Now, put the dress/skirt on a dress form or hanger. It’s best to be able to see the drape as you do the pickups. Thread a hand-sewing needle, grab your pins, and pull up a chair.

To make a pick up, you literally pick up the skirt, moving it up and pinning it to the lining. You want the lining to hang straight, but the topskirt to be picked up and secured to it. Place a pin, then let the upper part of the skirt hang over it.

Continue picking up and placing pins, rotating the dress/skirt. You can make as many or as few poufs as you want, and as big or small as your skirt length will let you (for bigger drapes, you need a longer skirt). I just kind of go about this organically, placing and moving pins until the skirt looks right to me.

Now take your threaded needle, and sew a few stitches in place of every pin. Make sure your stitches go through the lining (possibly even the netting if you added some) and and that you knot them well before cutting.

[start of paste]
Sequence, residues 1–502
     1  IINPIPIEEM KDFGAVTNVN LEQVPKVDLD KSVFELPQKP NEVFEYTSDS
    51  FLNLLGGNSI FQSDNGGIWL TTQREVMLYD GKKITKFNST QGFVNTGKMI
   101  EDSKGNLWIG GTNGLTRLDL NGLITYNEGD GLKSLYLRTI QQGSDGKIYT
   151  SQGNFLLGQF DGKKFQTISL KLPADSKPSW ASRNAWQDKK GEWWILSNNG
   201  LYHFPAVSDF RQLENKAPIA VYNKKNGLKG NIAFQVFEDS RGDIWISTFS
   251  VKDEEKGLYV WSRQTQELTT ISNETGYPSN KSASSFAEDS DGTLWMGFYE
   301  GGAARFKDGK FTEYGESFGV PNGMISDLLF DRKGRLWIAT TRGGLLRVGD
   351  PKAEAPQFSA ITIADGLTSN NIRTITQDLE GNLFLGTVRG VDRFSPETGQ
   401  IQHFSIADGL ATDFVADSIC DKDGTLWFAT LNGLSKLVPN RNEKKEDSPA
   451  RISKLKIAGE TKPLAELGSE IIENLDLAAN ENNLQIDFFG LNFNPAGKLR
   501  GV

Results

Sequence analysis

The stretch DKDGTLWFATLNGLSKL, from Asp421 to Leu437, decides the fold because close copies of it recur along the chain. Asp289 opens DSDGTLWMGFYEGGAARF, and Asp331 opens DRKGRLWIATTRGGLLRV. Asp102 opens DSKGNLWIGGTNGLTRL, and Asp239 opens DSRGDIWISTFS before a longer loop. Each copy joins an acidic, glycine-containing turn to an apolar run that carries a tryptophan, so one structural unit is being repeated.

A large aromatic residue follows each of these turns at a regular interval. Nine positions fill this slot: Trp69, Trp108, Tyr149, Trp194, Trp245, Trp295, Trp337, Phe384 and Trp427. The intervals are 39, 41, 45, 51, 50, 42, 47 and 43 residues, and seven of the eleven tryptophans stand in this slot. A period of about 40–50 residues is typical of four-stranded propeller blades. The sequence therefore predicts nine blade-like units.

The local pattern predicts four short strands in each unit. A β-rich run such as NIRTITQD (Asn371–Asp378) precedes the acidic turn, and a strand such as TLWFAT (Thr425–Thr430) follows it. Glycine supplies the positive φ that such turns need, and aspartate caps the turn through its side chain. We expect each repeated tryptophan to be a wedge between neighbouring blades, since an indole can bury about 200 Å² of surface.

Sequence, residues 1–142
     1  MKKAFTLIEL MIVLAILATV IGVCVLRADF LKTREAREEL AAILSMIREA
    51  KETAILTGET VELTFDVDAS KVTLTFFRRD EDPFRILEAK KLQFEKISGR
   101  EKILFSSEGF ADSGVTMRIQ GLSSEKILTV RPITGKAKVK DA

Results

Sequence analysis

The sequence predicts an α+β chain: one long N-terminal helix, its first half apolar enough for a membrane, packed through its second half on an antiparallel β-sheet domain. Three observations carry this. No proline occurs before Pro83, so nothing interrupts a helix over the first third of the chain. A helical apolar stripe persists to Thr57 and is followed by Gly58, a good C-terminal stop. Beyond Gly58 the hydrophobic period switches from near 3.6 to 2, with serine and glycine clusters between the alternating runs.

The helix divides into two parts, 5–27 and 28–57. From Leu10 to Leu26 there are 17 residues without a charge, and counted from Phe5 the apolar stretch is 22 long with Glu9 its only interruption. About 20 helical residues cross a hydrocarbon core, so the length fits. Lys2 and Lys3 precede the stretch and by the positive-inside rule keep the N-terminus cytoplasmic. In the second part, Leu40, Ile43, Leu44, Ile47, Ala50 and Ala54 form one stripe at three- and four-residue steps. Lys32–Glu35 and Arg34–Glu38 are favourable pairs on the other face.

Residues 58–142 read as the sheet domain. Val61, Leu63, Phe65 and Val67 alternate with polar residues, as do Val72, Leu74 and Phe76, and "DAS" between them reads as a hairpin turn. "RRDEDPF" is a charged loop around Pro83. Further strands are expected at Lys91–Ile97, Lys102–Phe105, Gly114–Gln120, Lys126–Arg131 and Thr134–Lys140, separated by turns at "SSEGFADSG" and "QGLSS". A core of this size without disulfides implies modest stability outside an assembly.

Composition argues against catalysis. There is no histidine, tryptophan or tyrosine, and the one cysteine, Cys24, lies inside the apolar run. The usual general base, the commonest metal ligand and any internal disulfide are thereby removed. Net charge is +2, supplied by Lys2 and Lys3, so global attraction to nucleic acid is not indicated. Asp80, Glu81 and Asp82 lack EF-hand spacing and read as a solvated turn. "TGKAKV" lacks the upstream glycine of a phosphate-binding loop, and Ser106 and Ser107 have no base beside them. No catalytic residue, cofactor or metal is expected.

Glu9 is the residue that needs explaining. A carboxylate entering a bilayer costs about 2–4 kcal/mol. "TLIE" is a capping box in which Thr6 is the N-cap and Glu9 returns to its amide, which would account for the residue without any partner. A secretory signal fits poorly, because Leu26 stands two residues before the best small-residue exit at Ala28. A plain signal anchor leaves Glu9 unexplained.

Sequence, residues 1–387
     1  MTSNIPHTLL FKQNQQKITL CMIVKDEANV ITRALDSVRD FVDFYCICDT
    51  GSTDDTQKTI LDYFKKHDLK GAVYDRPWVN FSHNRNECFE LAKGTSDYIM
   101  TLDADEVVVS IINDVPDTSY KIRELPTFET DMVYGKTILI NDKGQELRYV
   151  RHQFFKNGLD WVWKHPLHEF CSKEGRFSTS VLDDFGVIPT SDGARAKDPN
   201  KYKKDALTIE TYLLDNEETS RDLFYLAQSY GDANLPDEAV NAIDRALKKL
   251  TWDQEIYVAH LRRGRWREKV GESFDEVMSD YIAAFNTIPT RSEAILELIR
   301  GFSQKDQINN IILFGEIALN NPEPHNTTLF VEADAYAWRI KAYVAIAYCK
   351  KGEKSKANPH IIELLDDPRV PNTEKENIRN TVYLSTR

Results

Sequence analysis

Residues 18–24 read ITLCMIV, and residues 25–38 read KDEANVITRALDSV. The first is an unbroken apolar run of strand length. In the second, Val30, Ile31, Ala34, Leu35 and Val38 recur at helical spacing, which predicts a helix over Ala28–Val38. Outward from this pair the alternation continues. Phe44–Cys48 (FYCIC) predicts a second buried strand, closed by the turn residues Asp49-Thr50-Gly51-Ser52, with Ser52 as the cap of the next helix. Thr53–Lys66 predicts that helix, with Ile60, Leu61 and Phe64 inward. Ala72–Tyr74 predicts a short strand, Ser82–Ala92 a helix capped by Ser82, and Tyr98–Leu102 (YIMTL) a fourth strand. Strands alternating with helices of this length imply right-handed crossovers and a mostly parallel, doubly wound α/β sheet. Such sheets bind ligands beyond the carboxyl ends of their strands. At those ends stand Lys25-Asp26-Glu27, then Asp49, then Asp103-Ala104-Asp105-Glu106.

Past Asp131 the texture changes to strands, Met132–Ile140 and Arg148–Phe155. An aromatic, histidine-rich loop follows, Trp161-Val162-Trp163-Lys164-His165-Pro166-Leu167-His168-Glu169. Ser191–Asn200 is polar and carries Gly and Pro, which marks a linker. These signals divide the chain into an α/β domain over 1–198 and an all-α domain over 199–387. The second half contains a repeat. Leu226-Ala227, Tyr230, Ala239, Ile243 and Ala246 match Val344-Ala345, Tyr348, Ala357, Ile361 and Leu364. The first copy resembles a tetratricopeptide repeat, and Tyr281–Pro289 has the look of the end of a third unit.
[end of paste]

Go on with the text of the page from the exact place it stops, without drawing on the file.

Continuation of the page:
Check for pins by looking inside the skirt lining, and when you’ve replaced all the pins with stitches, you’re done!

I put my dress form on the stairs for this dress so I could sit lower and not have to be on my knees while stitching.

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  1. Suzan says

    I am dying here! Love the little girl’s dress and I don’t know how I missed it before. I see making one of these for my granddaughter in my future. Thanks for the tutorial on how to make it a “pick up”!

  2. Emilia says

    wow, you are on my channel!!! i have been conjuring up a skirt with pick ups but didnt know what it was called!! also TOTALLY wondering how to get it all picked up!! i had no idea to use lining, which is such a great idea DUH!! thanks for such a great creative brain you share with us.

  3. Misa says

    What a cool concept! I have never seen this explained and love it, especially on the girl’s dresses. And it would make a beautiful wedding gown element.

  4. Jennifer Juniper says

    I love the high fashion look of this – it would be so easy to transform an existing dress with a lining! Wheels are turning…

  5. Alison @ Oopsey Daisy says